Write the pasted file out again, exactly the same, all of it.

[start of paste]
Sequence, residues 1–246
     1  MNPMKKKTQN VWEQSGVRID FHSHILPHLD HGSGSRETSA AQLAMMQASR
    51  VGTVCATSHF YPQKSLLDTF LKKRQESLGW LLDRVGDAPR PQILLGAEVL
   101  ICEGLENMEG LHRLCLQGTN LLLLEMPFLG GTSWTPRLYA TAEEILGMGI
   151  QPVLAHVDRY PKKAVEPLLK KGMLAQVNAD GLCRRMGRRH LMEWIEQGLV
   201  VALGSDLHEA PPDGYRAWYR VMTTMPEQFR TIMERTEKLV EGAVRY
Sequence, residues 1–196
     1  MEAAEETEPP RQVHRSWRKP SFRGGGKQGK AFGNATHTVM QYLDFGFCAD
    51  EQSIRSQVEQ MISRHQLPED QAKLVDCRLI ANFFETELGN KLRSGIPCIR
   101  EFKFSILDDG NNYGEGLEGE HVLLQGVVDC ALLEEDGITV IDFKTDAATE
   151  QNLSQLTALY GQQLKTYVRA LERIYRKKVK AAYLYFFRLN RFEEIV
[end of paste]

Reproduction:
Sequence, residues 1–246
     1  MNPMKKKTQN VWEQSGVRID FHSHILPHLD HGSGSRETSA AQLAMMQASR
    51  VGTVCATSHF YPQKSLLDTF LKKRQESLGW LLDRVGDAPR PQILLGAEVL
   101  ICEGLENMEG LHRLCLQGTN LLLLEMPFLG GTSWTPRLYA TAEEILGMGI
   151  QPVLAHVDRY PKKAVEPLLK KGMLAQVNAD GLCRRMGRRH LMEWIEQGLV
   201  VALGSDLHEA PPDGYRAWYR VMTTMPEQFR TIMERTEKLV EGAVRY
Sequence, residues 1–196
     1  MEAAEETEPP RQVHRSWRKP SFRGGGKQGK AFGNATHTVM QYLDFGFCAD
    51  EQSIRSQVEQ MISRHQLPED QAKLVDCRLI ANFFETELGN KLRSGIPCIR
   101  EFKFSILDDG NNYGEGLEGE HVLLQGVVDC ALLEEDGITV IDFKTDAATE
   151  QNLSQLTALY GQQLKTYVRA LERIYRKKVK AAYLYFFRLN RFEEIV